The “coriolis illusion” occurs when a pilot has been in a turn long enough for the fluid in the ear canal to move at the same speed as the canal. A movement of the head in a different plane, such as looking at something in a different part of the flight deck, may set the fluid moving, creating the illusion of turning or accelerating on an entirely different axis. This action causes the pilot to think the aircraft is performing a maneuver it is not. The disoriented pilot may maneuver the aircraft into a dangerous attitude in an attempt to correct the aircraft’s perceived attitude.
For this reason, it is important that pilots develop an instrument cross-check or scan that involves minimal head movement. Take care when retrieving charts and other objects in the flight deck—if something is dropped, retrieve it with minimal head movement and be alert for the coriolis illusion.
As in other illusions, a pilot in a prolonged coordinated, constant-rate turn may experience the illusion of not turning. During the recovery to level flight, the pilot will then experience the sensation of turning in the opposite direction causing the disoriented pilot to return the aircraft to its original turn. Because an aircraft tends to lose altitude in turns unless the pilot compensates for the loss in lift, the pilot may notice a loss of altitude. The absence of any sensation of turning creates the illusion of being in a level descent. The pilot may pull back on the controls in an attempt to climb or stop the descent. This action tightens the spiral and increases the loss of altitude; this illusion is referred to as a “graveyard spiral.” [Figure 17-5] This may lead to a loss of aircraft control.
A rapid acceleration, such as experienced during takeoff, stimulates the otolith organs in the same way as tilting the head backwards. This action may create what is known as the “somatogravic illusion” of being in a nose-up attitude, especially in conditions with poor visual references. The disoriented pilot may push the aircraft into a nose-low or dive attitude. A rapid deceleration by quick reduction of the throttle(s) can have the opposite effect, with the disoriented pilot pulling the aircraft into a nose-up or stall attitude.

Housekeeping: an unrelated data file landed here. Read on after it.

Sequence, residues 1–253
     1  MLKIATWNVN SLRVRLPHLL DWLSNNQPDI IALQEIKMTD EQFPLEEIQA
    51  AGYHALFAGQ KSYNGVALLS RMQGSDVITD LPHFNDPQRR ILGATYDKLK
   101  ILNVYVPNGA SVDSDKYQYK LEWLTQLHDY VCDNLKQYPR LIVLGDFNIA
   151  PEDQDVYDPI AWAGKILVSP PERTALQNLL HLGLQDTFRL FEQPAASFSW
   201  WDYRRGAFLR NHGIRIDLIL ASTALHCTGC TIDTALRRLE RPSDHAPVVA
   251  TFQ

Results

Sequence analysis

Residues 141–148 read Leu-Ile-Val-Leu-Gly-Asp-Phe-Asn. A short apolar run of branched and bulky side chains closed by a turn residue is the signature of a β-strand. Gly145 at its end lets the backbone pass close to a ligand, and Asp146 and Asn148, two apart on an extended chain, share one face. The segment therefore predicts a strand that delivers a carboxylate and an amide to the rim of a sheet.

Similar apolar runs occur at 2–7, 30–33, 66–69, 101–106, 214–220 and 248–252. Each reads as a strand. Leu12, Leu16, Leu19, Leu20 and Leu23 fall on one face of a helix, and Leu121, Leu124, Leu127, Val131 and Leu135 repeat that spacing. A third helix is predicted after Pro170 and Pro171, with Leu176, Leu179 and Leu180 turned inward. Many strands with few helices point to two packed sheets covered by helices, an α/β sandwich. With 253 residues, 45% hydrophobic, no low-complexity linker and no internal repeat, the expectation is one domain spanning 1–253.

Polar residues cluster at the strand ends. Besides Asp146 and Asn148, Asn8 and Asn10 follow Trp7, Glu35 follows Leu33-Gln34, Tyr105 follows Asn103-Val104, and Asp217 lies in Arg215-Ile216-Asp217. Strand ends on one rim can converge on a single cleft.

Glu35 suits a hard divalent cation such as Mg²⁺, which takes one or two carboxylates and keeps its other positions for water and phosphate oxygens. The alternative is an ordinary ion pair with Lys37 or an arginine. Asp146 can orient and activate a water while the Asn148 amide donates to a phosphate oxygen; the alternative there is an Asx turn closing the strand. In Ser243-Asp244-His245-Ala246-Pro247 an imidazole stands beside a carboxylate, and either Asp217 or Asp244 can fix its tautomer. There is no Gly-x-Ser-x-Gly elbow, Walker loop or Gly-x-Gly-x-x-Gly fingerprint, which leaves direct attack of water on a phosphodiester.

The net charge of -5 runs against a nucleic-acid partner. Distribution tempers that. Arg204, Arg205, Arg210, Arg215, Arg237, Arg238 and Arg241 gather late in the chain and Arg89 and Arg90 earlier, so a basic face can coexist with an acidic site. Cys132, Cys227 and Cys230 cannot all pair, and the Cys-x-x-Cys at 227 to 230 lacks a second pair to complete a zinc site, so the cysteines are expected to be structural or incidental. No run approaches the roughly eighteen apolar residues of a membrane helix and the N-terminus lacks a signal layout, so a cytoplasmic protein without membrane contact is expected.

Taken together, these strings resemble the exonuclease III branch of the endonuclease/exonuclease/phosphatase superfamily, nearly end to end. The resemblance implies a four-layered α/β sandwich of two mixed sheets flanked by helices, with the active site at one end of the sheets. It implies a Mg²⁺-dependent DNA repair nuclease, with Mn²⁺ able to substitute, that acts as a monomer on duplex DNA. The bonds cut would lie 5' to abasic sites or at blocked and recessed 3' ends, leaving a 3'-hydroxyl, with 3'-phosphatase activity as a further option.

An abrupt change from climb to straight-and-level flight can stimulate the otolith organs enough to create the illusion of tumbling backwards, known as “inversion illusion.” The disoriented pilot may push the aircraft abruptly into a noselow attitude, which may intensify this illusion.
An abrupt upward vertical acceleration, as can occur in an updraft, can stimulate the otolith organs to create the illusion of being in a climb. This is known as “elevator illusion.” The disoriented pilot may push the aircraft into a nose-low attitude. An abrupt downward vertical acceleration, usually in a downdraft, has the opposite effect with the disoriented pilot pulling the aircraft into a nose-up attitude.
Visual illusions are especially hazardous because pilots rely on their eyes for correct information. Two illusions that lead to spatial disorientation, false horizon and autokinesis, affect the visual system only.
A sloping cloud formation, an obscured horizon, an aurora borealis, a dark scene spread with ground lights and stars, and certain geometric patterns of ground lights can provide inaccurate visual information, or “false horizon,” when attempting to align the aircraft with the actual horizon. The disoriented pilots as a result may place the aircraft in a dangerous attitude.
When flying in the dark, a stationary light may appear to move if it is stared at for a prolonged period of time. As a result, a pilot may attempt to align the aircraft with the perceived moving light potentially causing him/her to lose control of the aircraft. This illusion is known as “autokinesis.”
The postural system sends signals from the skin, joints, and muscles to the brain that are interpreted in relation to the Earth’s gravitational pull. These signals determine posture. Inputs from each movement update the body’s position to the brain on a constant basis. “Seat of the pants” flying is largely dependent upon these signals. Used in conjunction with visual and vestibular clues, these sensations can be fairly reliable. However, because of the forces acting upon the body in certain flight situations, many false sensations can occur due to acceleration forces overpowering gravity. [Figure 17-6] These situations include uncoordinated turns, climbing turns, and turbulence.